So it’s November 15, the halfway point through NaNoWriMo. For those of you unaware of what this is, refer to a brief description from the official website:
National Novel Writing Month (NaNoWriMo) challenges you to write a 50,000-word novel, from scratch, in the month of November. It’s a global, uproariously fun endeavor, where participants exchange advice and writing tips on the NaNoWriMo website and in real life, with group write-ins held in coffeeshops, living rooms, and libraries all around the world.
I make note of this because last night my wife completed the 50,000 word requirement for her latest NaNovel, just before the middle of the month. Each year she’s proud of the accomplishment and I’m proud of her for completing such a challenge, which ultimately is self-imposed. She takes the writing of novels seriously, has spent years developing her style and craft and produces quality writing. I imagine thousands of others around the world (last year 120,000 people took part) were equally satisfied with their efforts and the product of their hard work. My wife’s reached the word count limit, but she’s far from finishing the work of writing the novel.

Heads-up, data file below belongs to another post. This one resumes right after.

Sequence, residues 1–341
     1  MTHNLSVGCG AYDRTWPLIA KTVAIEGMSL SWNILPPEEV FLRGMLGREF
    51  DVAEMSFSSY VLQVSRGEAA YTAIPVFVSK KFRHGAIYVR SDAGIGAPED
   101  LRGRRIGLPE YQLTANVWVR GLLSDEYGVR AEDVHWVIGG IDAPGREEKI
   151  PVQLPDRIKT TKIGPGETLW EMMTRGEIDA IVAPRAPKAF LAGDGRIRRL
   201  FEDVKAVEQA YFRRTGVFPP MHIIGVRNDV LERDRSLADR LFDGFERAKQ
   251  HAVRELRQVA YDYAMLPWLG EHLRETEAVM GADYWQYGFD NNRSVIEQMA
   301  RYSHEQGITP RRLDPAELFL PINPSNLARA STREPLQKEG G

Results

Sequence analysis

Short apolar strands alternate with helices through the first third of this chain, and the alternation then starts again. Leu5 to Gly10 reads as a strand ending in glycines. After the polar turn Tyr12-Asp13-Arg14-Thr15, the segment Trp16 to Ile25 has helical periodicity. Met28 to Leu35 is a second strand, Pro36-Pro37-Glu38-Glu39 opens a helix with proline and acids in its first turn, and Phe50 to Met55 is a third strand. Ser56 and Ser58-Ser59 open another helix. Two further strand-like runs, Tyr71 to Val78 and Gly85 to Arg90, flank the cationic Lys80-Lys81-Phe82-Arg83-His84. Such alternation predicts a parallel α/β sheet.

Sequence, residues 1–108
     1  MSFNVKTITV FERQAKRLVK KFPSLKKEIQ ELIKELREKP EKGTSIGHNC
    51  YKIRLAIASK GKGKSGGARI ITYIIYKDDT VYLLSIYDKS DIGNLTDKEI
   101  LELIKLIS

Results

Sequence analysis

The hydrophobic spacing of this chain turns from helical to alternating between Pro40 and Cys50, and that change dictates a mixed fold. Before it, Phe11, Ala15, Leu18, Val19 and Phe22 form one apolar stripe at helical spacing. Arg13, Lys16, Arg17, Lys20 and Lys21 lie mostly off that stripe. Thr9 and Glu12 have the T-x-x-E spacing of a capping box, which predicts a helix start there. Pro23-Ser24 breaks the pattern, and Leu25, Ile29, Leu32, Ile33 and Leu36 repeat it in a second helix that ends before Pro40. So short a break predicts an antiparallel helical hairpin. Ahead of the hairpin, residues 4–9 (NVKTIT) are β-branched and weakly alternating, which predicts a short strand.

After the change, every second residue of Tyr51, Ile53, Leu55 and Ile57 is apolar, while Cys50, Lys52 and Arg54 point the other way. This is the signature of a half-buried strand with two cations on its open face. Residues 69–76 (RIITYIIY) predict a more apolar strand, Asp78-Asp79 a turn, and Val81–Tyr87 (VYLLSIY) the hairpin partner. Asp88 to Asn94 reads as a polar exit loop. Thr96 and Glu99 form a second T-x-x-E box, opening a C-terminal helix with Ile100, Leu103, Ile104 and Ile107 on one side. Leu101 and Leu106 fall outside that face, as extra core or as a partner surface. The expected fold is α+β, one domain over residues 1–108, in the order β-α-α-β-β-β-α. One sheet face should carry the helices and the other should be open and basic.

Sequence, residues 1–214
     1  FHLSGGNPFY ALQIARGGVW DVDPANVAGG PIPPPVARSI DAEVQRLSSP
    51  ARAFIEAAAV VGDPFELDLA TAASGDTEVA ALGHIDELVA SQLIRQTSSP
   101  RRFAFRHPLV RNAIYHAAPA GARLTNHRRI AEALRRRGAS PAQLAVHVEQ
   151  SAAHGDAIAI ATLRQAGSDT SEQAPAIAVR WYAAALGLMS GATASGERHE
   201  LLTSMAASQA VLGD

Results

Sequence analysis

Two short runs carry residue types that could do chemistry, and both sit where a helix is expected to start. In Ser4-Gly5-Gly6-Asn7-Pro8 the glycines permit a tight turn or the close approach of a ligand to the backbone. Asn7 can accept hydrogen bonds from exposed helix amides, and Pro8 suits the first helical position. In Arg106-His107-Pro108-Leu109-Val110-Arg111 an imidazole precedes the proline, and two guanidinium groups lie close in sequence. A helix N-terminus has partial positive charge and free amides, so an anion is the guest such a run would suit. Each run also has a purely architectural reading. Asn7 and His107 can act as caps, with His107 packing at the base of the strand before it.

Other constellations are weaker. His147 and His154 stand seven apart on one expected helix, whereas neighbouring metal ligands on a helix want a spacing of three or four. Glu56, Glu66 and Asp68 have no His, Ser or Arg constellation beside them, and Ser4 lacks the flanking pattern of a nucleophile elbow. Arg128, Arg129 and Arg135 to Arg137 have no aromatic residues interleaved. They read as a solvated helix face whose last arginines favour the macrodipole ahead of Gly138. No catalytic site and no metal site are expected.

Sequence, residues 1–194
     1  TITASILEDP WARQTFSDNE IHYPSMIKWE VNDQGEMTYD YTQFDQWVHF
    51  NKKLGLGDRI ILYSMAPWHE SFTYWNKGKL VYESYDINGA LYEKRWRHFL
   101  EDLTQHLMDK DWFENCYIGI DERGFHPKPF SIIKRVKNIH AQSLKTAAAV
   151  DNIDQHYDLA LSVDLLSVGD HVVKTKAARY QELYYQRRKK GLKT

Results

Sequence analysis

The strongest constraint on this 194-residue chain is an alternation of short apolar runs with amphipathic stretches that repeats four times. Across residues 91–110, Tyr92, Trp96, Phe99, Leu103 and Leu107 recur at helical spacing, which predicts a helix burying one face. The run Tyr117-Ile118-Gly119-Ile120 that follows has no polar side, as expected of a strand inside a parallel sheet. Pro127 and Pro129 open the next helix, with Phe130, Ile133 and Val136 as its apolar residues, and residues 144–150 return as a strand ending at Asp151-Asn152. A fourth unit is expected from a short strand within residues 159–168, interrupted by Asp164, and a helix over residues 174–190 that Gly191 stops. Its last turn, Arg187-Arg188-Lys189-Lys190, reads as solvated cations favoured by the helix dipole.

Earlier today I stumbled, completely by accident, upon a blog post by CanLit critic Steven W. Beattie assessing the value of such writing exercises. In his post Beattie aims some discouraging criticism at both Chris Baty, the creator of NaNoWriMo, and the people who take part:
…it is perhaps churlish of me to complain that the whole premise behind the project (in both its adult and youth forms) is based on an erroneous perception of how novels are written, and why….
…writers are encouraged to write without paying heed to the nasty editor in their heads, the one that tells them to refine, delete, excise, rework. The vocabulary of the NaNoWriMo site testifies to the way in which it has bought in to the tyranny of diminished expectations where writing is concerned. Instead of deliberation and focus, writers are encouraged to let loose and be free, and pay no heed to trifling matters such as talent or technique.